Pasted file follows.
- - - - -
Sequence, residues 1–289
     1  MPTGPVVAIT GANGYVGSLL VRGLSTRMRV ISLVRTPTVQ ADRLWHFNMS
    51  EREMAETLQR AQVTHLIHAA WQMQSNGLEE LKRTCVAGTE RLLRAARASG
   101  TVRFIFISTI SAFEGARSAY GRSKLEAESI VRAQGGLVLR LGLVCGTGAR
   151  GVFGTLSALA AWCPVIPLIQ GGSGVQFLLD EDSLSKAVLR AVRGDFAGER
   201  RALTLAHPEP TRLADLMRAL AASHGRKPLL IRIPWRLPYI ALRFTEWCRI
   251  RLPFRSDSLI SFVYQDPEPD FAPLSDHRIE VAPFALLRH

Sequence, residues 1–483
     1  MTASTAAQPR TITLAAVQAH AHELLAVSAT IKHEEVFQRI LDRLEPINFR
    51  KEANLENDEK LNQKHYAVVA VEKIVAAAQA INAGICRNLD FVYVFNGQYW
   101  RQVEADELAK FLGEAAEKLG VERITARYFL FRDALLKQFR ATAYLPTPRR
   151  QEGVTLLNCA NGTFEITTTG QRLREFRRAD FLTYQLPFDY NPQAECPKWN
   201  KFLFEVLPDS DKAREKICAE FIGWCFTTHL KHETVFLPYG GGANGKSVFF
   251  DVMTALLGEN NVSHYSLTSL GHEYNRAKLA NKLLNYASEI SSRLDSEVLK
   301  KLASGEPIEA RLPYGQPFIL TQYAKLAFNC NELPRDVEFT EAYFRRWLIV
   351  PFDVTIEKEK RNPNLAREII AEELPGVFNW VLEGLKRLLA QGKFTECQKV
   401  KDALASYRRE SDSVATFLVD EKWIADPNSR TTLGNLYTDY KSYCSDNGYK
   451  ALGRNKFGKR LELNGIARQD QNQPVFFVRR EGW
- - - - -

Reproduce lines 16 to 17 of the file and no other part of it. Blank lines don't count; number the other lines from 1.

   351  PFDVTIEKEK RNPNLAREII AEELPGVFNW VLEGLKRLLA QGKFTECQKV
   401  KDALASYRRE SDSVATFLVD EKWIADPNSR TTLGNLYTDY KSYCSDNGYK